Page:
Food and Agriculture Organization of the United Nations ‘Livestock's Long Shadow: environmental issues and options’, 2006. http://www.fao.org/docrep/010/a0701e/a0701e00.HTM
Mekonnen, Mesfin M. & Hoekstra, Arjen Y. "A Global Assessment of the Water Footprint of Farm Animal Products". Ecosystems (2012) 15: 401-415. http://temp.waterfootprint.org/Reports/Mekonnen-Hoekstra-2012-WaterFootprintFarmAnimalProducts.pdf
World Health Organization, ‘Q&A on the carcinogenicity of the consumption of red meat and processed meat’ 2015. http://www.who.int/features/qa/cancer-red-meat/en/
World Health Organization, ‘Obesity and Overweight,’ 2018. http://www.who.int/en/news-room/fact-sheets/detail/obesity-and-overweight
Food and Agriculture Organization of the United Nations, ‘Tackling Climate Change through Livestock: a Global Assessment of Emissions and Mitigation Opportunities’, 2013. http://www.fao.org/3/a-i3437e.pdf.
Resonance Global, ‘An Insurance Product for Rural Farmers’, 2017. https://resonanceglobal.com/insurance-product-designed-africas-rural-farmers/
Health I.Q., ‘5 reasons why vegans should get a lower rate on life insurance’. https://www.healthiq.com/life-insurance/research-vegan
Filter or search events
Wicked Problems, Clumsy Solutions and Leading Change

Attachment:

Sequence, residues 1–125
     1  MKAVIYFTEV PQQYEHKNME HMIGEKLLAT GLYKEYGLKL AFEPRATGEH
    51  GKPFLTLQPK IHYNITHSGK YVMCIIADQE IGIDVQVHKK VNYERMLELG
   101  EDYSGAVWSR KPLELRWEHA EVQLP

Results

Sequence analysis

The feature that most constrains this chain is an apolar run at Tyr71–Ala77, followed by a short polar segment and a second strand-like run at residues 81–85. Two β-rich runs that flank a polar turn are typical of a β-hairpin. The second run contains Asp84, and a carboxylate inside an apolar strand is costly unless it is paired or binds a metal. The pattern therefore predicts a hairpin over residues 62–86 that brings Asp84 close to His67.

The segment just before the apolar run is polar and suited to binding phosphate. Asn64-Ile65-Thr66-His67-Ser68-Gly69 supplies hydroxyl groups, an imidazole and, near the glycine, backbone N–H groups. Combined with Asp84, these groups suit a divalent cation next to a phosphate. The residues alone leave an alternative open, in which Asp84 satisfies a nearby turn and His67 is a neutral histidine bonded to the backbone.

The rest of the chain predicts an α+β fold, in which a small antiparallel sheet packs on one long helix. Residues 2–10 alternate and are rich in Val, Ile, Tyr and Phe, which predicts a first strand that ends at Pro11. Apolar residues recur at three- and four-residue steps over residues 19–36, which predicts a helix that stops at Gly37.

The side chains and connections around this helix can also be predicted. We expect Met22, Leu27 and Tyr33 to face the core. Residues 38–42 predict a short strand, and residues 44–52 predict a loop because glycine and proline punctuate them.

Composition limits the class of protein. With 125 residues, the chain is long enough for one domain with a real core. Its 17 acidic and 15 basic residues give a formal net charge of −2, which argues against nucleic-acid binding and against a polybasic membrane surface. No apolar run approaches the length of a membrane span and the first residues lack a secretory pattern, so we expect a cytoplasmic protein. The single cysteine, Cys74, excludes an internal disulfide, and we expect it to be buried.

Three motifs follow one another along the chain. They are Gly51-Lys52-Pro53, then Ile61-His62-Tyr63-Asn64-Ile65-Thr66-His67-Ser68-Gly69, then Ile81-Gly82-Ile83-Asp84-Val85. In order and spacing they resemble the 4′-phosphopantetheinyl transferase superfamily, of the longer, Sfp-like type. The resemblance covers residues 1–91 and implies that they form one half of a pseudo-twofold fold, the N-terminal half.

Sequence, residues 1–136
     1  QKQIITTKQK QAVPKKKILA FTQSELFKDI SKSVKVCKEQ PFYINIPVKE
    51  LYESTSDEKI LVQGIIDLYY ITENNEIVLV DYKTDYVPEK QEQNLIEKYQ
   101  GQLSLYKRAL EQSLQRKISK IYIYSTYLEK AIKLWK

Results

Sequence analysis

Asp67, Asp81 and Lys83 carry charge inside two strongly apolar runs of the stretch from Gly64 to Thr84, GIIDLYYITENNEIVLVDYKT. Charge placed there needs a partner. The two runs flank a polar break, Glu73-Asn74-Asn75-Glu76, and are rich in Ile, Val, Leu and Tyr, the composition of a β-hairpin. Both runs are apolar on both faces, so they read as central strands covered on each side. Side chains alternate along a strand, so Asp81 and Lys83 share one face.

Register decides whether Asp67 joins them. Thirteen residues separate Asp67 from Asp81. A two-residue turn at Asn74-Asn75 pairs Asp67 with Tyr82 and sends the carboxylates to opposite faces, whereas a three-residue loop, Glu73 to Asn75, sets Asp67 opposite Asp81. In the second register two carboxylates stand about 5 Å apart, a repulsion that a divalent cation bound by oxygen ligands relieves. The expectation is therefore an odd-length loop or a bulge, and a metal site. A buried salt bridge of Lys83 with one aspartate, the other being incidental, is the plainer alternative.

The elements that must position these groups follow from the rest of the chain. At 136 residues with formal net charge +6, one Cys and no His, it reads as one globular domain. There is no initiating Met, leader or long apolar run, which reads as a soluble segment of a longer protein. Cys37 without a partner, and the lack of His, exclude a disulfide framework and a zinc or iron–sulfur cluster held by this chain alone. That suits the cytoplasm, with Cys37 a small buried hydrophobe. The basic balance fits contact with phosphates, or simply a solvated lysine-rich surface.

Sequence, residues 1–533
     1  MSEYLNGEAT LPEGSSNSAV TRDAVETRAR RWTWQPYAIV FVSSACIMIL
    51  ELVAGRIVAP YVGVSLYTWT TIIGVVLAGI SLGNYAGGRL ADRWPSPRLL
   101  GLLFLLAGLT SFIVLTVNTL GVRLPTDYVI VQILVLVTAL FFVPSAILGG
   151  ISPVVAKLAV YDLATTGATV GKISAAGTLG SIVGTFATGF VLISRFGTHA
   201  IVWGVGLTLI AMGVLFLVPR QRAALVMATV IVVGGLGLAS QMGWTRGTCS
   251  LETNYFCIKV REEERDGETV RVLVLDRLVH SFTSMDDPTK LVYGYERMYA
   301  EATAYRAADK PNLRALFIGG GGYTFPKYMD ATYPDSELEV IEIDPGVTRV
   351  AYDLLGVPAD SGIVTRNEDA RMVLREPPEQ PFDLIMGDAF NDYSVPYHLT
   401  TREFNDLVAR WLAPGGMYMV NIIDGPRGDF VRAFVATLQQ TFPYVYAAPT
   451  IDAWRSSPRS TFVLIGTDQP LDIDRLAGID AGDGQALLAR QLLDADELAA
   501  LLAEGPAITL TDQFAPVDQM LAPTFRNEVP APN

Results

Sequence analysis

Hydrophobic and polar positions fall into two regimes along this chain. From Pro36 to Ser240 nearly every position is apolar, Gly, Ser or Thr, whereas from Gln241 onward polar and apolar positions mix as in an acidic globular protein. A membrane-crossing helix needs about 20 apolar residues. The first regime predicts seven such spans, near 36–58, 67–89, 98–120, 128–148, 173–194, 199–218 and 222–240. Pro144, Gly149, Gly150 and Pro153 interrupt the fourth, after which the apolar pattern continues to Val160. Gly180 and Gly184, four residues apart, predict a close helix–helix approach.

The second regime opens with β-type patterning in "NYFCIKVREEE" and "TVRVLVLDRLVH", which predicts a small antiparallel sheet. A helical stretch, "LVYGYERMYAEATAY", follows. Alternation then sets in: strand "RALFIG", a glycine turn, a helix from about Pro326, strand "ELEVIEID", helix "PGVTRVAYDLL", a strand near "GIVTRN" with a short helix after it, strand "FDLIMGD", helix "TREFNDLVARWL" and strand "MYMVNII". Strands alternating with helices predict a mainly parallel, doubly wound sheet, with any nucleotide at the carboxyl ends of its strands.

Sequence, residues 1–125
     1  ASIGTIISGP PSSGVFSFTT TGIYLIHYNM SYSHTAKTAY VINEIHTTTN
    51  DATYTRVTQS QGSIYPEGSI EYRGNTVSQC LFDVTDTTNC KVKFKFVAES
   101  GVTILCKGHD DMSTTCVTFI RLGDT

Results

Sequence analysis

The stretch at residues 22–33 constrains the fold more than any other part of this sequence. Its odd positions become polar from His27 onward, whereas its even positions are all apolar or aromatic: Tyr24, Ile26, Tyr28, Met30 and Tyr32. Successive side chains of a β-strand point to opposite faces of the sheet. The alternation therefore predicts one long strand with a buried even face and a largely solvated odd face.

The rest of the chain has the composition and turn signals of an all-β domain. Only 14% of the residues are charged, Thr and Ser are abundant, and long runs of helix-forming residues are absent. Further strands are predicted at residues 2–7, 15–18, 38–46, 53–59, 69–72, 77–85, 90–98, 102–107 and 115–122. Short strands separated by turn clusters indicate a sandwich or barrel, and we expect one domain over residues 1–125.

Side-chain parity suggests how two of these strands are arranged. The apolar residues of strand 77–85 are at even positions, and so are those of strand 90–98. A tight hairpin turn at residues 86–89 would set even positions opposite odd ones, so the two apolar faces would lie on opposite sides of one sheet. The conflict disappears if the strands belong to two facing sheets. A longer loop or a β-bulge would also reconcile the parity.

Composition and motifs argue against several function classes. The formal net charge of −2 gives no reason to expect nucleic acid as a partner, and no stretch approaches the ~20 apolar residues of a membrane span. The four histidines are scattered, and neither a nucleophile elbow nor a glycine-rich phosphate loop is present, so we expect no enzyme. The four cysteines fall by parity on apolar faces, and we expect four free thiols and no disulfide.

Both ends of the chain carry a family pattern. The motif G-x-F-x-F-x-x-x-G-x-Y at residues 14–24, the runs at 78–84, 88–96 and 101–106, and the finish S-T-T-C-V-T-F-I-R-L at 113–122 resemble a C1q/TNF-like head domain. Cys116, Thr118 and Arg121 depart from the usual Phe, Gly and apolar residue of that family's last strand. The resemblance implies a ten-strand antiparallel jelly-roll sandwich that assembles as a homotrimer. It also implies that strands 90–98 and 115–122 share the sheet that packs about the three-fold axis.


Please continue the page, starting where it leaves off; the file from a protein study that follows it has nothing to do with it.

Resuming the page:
Dr Catherine Donnelly will present the basics of the structures for pooling longevity risks and summarise recent research results in this area in addition to outlinging future research around this topic. This is work under a research programme funded by the IFoA's Actuarial Research Centre, called 'Minimizing longevity and investment risk while optimising future pension plans'.
Climate-Related Risk - This free to view webinar on Climate-Related Risk is the first in a series focusing on some of the ‘Hotspots’ identified in the JFAR Risk Perspective bringing the Risk Perspective to life with practical illustrations and insights from subject experts from the IFoA and other Regulators
Recent decades have seen institutions, such as employers and financial services, give people more choice and flexibility, but these freedoms have come with more responsibilities. Individuals are now responsible for managing more of their own financial risks, from ensuring they put enough money into their pension to securing affordable protection to be financially resilient.
Join us for this brand new IFoA webinar weries comprising of a fortnight of webinars, panel sessions and a hackathon, that showcase the range of ways in which the actuarial profession has added value, in the public interest, to the understanding and management of the current and future pandemics through insight and learning.